quietspirit57 at hotmail.com
Fri Mar 23 23:55:57 EST 2001
I am interested in finding scientific information related to the biology of
mercury levels in lakes.
Inland lakes are void of visible life outside of weedlines, with a few
exceptions...one being microorganisms. Knowing one way in which mercury
enters the food chain is through these microorganisms, how much effect would
there be if we introduced large amounts of decaying woody debris?
We live in an area where logging was done a hundred years or more ago. Left
behind in the lakes where the logs were floated for eventual processing, are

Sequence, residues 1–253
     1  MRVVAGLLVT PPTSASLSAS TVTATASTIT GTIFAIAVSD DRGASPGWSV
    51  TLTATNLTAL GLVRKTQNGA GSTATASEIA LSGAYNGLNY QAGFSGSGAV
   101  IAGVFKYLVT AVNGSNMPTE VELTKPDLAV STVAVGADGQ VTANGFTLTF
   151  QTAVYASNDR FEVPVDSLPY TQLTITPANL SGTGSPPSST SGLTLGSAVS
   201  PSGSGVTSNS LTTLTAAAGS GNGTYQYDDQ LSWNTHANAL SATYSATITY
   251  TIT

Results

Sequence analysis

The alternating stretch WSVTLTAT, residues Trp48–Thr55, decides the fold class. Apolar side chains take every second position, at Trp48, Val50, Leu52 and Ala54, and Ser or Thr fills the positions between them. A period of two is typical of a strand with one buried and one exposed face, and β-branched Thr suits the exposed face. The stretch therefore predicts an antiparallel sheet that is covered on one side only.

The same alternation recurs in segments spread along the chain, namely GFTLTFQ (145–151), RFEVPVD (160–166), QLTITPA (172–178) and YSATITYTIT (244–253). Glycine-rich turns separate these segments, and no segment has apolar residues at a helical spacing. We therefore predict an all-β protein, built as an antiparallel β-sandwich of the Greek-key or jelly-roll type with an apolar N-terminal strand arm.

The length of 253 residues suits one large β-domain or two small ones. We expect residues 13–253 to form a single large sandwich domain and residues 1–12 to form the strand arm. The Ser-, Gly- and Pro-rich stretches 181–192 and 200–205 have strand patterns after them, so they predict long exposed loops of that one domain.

dead heads lying in relatively deep water and beginning to decay. It seems
to me that by leaving these logs in the depths of the lakes, we are aiding
the accerleration of mercury entering our food chain. If, in a normal void
area of a lake there were x amount of microorganisms, wouldn't the addition
of this wood would raise those levels to an unnatural state and be somewhat
like pumping mercury into our food chain?
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